Wednesday, September 15, 2010

Twotown, BMR, and Magical Cures

Finally, it happened. I have left that first fifty in the dust. I am 3 pounds past it! The next little moment of win will be my arrival in Twotown. I am very excited for Twotown. My weight hasn't started with a "2" in a a Very Long Time. I actually do not remember when I made the leap to Threeville... But,I can tell you that this fat bus isn't stopping until I am deep into Onederland.

Okay, enough of the silly names for weight levels. Today's post revisits my favorite obsession: basal metabolic rate. I know I've gone on and on about this whole BMR issue before, but I just can't leave it alone. I weigh a LOT, and I exercise a LOT. One would assume that I would be losing a LOT. But I haven't lost much in the past month and a half. That's what led to this caloric nosh-fest. I have been eating increasing amounts for days now. No matter how I calculate it, my BMR is just over 2000 calories a day. Minimum. That is the amount that I need to keep my body healthy.There is just no way I can justify eating less than my BMR, especially given the amount of cardio I do in a week.

All of this fretting about BMR led me to the library to read what the experts have to say. First of all, let me tell you that I am a researcher by nature. My education required many hundreds of hours of research, and I got rather good at it. Second, I am also a born skeptic. I take nothing at face value, and try always to think critically and to evaluate before buying into a theory.  Add these two traits together and you get a library bag with a stack of different "diet" books. I read about fat as the evil to avoid, sugar as the evil to avoid, jump starting my metabolism, debunking diet myths, eating this or that magic food, balancing my hormones, and taking a cognitive approach to weight loss. The authors have a variety of backgrounds: 
  • one physician
  • one PhD
  • two celebrity fitness gurus
  • one formerly Fat person
  • one always-been-thin person
  • one average size person
  • one person who lost-20-lbs-once
  • two people who said "this worked for all my friends and clients so it must be true"
  • one said "cut back on your calories and exercise and you will look like me in no time"
  • one said "balance your hormones and the pounds will melt away"
  • one said "eat more and exercise less and you will become a superstar"
  • one said "you will never look like the fitness experts so do not bother trying"
  • one talked about drastic solutions at length before discounting each of them
Are you sensing a trend here? It is actually very easy to publish a non-fiction self-help book. All you need to do is come up with a new approach to whatever subject you wish to write about. If your book promises an easy solution to a difficult problem, many people will buy it before they realize you are not really helping them at all. Out of more than thirty "weight loss" books in the library, I found only one that seemed to have a truly sensible attitude about food, exercise, and living a healthy lifestyle. The author is Judith Beck, and her plan is the Beck Diet Solution. I would not ordinarily recommend any "diet plan" except for the fact that the Beck plan focuses on developing the cognitive skills that are necessary to have a good relationship with food. Beck also emphasizes the need to eat enough food. Ironically, I incorporated many of her suggestions into my own plan long before I had even heard of her. I will admit that not all of her suggestions are ones that I would use, but there is enough good information in her ideas to make her plan recommended reading. The bottom line is, if you are having a difficult time with cravings, saying no, staying on track, etc, look up the Beck plan. It is definitely worth taking some time to read.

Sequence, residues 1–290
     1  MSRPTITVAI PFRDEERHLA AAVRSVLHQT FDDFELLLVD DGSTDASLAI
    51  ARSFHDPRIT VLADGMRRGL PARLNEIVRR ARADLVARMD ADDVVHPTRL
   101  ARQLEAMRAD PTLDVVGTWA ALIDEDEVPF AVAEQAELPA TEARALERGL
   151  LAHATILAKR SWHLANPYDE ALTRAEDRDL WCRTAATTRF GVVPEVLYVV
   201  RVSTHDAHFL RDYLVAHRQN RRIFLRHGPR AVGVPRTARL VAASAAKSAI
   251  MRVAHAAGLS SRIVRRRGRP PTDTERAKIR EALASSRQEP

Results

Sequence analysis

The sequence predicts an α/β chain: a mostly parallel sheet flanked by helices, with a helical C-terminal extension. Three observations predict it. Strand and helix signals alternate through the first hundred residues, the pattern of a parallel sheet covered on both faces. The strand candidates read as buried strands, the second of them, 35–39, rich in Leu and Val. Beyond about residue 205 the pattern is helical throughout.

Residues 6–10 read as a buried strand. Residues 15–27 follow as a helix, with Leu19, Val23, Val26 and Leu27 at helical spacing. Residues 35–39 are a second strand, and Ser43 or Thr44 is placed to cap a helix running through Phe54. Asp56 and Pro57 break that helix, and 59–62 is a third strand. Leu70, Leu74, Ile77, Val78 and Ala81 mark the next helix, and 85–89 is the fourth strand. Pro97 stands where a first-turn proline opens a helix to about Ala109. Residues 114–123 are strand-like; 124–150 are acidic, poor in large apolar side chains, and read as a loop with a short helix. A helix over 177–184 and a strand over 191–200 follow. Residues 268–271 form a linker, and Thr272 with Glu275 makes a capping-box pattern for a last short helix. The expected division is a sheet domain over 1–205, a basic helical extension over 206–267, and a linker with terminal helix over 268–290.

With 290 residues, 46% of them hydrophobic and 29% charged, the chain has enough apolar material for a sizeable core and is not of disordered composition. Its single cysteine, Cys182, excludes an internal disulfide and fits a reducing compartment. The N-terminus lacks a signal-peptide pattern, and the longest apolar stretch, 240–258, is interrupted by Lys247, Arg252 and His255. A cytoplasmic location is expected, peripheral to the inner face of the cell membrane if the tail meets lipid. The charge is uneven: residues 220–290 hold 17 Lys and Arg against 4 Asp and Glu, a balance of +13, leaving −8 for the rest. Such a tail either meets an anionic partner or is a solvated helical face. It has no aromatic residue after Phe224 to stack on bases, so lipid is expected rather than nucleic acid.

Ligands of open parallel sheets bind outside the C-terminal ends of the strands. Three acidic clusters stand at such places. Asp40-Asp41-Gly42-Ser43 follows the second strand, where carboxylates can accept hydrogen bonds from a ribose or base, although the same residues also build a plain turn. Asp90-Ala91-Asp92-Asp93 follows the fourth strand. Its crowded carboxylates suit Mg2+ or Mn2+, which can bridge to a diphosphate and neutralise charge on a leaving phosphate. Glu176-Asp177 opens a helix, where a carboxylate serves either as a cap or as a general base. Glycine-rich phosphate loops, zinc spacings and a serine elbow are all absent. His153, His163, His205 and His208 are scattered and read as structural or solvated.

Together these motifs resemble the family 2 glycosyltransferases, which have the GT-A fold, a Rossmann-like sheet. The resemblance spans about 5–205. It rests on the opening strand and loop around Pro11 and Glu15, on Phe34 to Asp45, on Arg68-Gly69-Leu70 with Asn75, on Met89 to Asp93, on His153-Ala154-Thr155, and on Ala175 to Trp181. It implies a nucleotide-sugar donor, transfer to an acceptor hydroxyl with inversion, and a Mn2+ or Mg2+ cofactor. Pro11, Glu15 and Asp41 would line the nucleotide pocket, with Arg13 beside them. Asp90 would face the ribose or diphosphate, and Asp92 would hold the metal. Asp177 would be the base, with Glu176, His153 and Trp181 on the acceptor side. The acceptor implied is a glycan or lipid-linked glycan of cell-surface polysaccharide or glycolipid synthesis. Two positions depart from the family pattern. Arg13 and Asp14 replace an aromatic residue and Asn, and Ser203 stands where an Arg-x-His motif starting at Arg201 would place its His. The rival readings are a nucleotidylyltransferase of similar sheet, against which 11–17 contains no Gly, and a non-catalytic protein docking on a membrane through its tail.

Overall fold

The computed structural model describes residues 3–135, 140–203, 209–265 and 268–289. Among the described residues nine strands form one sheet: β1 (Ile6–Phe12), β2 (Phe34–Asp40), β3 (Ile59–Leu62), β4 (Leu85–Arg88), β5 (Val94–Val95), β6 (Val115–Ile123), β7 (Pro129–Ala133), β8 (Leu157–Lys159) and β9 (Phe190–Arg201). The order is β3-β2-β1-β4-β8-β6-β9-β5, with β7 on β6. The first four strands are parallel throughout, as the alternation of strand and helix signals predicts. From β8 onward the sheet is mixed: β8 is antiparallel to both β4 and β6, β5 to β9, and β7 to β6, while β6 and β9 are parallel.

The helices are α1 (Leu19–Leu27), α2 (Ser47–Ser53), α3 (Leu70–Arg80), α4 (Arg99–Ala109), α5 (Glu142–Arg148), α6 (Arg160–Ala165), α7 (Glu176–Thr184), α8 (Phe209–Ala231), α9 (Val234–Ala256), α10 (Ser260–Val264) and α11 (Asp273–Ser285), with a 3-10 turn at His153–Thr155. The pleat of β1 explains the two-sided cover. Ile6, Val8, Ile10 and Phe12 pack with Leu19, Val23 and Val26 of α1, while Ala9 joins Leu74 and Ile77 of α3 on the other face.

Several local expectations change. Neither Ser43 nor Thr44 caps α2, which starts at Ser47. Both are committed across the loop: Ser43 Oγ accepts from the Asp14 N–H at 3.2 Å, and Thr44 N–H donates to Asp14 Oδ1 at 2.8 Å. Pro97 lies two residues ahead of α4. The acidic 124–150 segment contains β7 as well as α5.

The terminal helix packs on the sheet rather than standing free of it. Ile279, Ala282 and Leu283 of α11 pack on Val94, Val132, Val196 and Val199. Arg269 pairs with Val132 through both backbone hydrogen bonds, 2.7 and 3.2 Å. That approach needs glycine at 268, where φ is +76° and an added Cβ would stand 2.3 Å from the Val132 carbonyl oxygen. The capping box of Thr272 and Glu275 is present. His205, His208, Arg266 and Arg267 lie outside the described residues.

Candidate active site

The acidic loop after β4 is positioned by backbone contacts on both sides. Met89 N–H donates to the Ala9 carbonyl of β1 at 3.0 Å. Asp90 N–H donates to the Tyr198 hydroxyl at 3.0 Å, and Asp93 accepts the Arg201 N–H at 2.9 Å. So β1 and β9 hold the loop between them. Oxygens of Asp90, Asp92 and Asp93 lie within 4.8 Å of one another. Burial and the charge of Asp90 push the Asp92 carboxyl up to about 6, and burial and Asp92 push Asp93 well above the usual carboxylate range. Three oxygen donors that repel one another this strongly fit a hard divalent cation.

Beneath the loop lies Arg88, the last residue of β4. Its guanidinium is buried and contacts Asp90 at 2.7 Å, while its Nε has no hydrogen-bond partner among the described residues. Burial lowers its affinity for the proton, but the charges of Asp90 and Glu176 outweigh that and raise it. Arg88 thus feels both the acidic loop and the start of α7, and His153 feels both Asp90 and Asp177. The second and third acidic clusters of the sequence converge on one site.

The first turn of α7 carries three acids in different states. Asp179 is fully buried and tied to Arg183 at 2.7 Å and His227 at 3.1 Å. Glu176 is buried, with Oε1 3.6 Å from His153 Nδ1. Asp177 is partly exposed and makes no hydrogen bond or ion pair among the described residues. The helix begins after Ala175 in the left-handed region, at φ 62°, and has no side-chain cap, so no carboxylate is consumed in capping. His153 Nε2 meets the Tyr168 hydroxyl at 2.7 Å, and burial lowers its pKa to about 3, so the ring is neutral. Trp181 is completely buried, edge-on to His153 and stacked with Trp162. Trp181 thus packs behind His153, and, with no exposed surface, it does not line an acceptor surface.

I am not, nor have I ever been, compensated in any way, shape, or form for recommending the Beck solution or any other book, method, idea, theory, product, or magical notion. Of course, if Dr. Beck ever hears of my endorsement and wants to send me a book, I wouldn't refuse. That would actually be pretty cool. I really just wanted to share information about something sensible in a sea of magical cures and wacky solutions.

1 comment:

  1. In no way am I a medical expert but from what I've read, 1200 calories is okay for you to eat. Even though you exercise, your body has a lot of fat to draw on the calories you need so you should be fine. And if you do want to stick around 2000, you can always vary your calories from 1500 to 1800 to 2000 to 2300 to 2500 or whatever during the week which might help you lose more.